This invention is based on two patent applications filed in the UK prior to this filing in the USA, these prior filings are GB0523389.5 and GB0603737.8. The problem addressed by this invention is one experienced by operators of helicopters that incorporate a tail rotor or tail mounted thrust device such as a fan. Many helicopter crashes occur when the tail rotors or fans fail or are damaged by external objects striking them. When a helicopter loses the thrust from its tail rotor or fan the main body or fuselage of the helicopter will begin to rotate about the axis of the main rotor due to the natural tendency of the fuselage to spin in that direction because of basic mechanical reaction summarised by Newton's third law, namely ‘For every action there is an equal and opposite reaction’. The helicopter will begin to spin faster unless some force is applied to the tail or other fuselage component. When such uncontrolled spins occur following a failure of the tail rotor or fan the helicopter usually becomes uncontrollable and the pilot disoriented, the result usually being a crash when the helicopter reaches the ground or other object in its path.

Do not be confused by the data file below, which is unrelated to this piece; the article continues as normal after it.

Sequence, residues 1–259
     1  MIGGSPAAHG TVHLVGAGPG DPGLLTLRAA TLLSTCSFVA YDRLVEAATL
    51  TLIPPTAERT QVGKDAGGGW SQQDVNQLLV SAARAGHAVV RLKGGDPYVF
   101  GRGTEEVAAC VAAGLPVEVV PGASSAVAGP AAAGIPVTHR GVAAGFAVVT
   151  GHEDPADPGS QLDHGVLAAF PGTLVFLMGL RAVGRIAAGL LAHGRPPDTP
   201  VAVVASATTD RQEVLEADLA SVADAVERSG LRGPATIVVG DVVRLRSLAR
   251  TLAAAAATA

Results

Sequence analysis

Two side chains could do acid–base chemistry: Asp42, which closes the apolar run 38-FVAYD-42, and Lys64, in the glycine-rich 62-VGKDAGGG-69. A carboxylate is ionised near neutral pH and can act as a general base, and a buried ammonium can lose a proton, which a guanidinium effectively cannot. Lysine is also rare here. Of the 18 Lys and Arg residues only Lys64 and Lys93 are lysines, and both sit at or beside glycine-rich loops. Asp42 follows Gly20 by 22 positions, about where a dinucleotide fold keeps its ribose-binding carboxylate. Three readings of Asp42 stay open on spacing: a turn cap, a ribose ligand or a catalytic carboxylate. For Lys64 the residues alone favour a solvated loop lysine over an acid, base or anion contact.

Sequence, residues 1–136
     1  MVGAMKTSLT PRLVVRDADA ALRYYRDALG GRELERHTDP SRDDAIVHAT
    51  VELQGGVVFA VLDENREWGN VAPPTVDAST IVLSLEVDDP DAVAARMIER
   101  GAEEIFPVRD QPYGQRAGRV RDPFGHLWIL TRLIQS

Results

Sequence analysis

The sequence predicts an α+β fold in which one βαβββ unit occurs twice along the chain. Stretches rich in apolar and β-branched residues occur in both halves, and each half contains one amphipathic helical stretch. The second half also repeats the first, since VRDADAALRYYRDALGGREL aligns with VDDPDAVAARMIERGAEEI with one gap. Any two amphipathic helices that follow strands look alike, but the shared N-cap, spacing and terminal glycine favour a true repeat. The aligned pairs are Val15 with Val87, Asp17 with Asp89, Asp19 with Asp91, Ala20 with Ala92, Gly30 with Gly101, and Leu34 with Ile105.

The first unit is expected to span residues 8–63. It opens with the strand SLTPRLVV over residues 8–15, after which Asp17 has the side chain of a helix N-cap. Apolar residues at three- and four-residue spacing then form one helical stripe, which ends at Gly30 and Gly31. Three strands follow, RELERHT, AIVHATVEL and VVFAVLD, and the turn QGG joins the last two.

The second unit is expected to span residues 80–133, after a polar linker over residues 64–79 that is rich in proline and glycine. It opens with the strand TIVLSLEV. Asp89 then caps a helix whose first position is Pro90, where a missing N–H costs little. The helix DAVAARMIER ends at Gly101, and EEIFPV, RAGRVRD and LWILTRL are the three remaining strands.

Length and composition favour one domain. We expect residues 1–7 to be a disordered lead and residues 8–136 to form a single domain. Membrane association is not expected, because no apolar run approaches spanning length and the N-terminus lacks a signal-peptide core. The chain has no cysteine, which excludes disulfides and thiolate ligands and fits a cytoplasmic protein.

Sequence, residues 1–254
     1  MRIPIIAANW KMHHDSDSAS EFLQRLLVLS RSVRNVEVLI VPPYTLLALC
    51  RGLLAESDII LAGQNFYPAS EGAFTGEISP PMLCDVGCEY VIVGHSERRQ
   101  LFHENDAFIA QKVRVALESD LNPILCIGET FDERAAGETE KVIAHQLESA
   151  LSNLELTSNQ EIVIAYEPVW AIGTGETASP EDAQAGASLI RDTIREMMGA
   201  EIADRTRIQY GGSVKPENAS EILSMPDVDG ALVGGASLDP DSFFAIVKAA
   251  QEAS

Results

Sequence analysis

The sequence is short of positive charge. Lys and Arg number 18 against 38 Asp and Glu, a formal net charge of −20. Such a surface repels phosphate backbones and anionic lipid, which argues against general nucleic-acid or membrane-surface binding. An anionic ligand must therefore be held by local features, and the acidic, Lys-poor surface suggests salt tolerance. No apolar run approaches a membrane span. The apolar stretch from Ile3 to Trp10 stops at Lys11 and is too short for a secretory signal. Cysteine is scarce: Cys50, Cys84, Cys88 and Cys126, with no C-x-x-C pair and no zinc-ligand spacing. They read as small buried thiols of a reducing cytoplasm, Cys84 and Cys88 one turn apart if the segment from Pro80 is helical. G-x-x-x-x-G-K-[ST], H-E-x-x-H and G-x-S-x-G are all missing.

SUMMARY OF THE INVENTION

According to the present invention there is provided a device incorporating a solid rocket motor and thrust vector unit that allows the thrust of the solid rocket motor to be directed in the direction of the angled faces of the thrust vector control unit and with both the solid rocket motor and the deflector mounted on the tail of a helicopter such that the thrust may be used as an alternative to the thrust provided by the tail rotor of the helicopter in emergency situations where the thrust of the tail rotor is no longer available to control the direction of the helicopter in yaw.